Rising demand for cheap computers in emerging economies like eastern Europe, the Middle East and Africa is leading to a peak in demand for used machines, according to a new study by Gartner.
The increase in the availability of used computers is fuelled in part by recycling legislation that makes it more expensive to discard old PCs. But this is also is giving rise to an industry that exports PCs merely to evade recycling laws.
"The demand for secondary PCs continues to exceed supply, providing opportunistic but potentially lucrative opportunities for specialised intermediaries and resellers or vendors looking to resell used PCs," said Meike Escherich, principal analyst at Gartner.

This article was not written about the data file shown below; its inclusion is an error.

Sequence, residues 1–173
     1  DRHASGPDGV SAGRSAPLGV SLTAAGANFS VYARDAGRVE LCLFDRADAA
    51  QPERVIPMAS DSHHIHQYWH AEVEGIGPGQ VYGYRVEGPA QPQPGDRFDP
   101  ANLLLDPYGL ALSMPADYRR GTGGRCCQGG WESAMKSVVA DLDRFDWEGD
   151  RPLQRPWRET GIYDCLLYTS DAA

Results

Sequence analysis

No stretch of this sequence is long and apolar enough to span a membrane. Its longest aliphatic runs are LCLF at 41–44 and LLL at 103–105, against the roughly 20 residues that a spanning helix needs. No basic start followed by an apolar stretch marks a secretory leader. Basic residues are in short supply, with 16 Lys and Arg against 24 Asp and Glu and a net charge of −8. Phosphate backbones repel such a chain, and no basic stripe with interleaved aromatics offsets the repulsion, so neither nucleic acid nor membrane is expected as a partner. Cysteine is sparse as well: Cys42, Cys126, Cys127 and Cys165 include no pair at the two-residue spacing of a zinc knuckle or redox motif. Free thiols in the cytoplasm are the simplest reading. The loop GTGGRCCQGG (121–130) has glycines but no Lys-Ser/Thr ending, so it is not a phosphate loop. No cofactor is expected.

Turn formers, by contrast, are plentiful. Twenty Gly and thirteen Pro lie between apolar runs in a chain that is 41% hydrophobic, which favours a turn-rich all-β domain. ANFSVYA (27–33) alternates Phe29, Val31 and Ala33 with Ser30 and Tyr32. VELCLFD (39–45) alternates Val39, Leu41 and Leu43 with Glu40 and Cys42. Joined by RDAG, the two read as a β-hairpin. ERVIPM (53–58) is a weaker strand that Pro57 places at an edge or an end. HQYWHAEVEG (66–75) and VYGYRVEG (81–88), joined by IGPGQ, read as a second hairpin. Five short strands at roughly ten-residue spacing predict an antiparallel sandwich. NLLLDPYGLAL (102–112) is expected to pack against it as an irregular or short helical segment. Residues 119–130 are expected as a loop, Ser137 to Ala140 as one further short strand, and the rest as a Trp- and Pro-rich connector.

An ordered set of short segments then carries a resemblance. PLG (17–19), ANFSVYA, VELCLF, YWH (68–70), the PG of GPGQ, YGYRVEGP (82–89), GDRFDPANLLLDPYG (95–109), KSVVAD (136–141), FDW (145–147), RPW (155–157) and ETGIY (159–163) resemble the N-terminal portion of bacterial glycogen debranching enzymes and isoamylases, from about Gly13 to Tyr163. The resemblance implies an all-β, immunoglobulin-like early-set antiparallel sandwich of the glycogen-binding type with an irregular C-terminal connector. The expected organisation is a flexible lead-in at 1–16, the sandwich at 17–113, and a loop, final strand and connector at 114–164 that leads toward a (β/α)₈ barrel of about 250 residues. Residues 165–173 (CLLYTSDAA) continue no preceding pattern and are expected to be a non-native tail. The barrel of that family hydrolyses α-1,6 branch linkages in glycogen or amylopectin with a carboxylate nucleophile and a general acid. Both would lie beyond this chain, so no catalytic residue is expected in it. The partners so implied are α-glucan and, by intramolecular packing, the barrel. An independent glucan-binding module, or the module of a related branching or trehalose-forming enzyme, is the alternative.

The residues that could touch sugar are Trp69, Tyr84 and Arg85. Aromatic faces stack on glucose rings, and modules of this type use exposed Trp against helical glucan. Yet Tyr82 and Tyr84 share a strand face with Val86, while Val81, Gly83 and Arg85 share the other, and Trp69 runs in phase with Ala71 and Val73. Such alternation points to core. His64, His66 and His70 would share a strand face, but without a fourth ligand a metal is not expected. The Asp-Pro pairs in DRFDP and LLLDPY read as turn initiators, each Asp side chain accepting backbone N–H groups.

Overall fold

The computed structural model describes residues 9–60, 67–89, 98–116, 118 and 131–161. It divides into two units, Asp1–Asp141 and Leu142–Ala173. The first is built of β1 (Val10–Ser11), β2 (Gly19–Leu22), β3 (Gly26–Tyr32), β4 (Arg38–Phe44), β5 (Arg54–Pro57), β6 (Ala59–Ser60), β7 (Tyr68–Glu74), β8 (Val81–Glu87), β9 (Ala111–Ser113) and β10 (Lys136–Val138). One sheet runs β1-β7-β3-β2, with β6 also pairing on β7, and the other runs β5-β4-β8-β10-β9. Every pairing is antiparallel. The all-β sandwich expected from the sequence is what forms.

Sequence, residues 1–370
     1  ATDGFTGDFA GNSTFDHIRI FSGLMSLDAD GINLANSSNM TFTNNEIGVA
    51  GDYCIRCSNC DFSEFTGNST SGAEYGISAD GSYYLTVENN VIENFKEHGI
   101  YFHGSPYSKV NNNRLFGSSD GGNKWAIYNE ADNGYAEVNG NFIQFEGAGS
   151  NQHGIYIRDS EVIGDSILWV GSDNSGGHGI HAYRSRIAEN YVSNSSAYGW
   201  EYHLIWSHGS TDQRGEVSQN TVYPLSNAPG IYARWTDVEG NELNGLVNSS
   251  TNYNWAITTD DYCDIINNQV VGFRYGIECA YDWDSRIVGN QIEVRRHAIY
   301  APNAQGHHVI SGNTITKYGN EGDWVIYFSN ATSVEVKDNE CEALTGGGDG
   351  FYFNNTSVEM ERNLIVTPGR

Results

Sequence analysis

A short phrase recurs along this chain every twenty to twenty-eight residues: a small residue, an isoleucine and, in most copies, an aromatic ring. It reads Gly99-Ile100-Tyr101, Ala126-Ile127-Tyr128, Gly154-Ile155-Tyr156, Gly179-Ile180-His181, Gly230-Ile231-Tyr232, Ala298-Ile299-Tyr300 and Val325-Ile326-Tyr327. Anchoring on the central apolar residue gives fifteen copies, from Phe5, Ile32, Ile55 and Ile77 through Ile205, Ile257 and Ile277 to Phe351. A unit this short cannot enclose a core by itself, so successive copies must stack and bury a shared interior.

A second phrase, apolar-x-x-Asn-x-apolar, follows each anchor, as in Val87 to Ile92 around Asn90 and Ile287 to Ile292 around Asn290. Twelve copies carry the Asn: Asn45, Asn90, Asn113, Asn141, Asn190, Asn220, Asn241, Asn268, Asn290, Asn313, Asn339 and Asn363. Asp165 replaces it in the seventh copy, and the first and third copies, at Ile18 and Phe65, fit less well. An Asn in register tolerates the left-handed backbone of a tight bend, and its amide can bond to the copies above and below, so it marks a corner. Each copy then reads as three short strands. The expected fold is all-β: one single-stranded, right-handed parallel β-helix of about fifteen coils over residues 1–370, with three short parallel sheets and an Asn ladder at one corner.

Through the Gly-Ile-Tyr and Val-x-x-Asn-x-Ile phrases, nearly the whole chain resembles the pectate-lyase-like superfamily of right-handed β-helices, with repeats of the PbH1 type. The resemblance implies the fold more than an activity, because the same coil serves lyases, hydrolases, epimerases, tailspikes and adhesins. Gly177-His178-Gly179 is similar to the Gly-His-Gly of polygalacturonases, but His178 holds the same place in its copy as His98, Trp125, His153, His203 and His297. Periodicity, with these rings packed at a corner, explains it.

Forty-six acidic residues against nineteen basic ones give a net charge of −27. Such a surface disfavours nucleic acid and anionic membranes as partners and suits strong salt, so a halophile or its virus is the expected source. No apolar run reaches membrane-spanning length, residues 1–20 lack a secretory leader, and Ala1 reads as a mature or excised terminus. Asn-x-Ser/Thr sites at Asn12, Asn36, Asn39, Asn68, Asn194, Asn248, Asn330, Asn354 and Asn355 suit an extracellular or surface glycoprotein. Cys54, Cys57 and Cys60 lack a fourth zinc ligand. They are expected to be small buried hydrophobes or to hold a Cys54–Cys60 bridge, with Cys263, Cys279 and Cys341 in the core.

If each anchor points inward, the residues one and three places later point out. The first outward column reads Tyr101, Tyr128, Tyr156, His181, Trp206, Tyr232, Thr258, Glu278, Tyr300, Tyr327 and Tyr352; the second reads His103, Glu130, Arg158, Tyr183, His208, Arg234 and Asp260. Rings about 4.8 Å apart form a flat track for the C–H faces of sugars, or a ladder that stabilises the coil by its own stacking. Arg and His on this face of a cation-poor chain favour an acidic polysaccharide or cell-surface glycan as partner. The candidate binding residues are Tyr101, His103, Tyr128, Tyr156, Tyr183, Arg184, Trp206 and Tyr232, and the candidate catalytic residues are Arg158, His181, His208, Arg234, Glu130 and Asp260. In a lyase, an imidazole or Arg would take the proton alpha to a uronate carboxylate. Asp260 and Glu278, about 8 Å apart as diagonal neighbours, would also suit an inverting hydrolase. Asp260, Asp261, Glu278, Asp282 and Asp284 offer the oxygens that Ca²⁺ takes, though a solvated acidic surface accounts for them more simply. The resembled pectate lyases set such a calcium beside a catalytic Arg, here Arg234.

Of the 152 million secondary PCs shipped last year, only 55 million were dedicated for reuse.
Import tariffs, high transportation costs and a drop in the price of new PCs, in addition to environmental evasion, are preventing used computers from finding buyers.
Gartner found that only one in six PCs dedicated for reuse ends up on a desk in a developing market.
Currently about eight per cent of the world's computers have had a prior owner, but this figure is rapidly increasing. For every two new PCs shipping this year, one used model will be resold.
For 2009 Gartner projected that the number of used PCs that will be shipping to increase to nearly 110 million.
In addition to an overall appetite for computers in emerging economies, demand has further increased because computers last longer these days.
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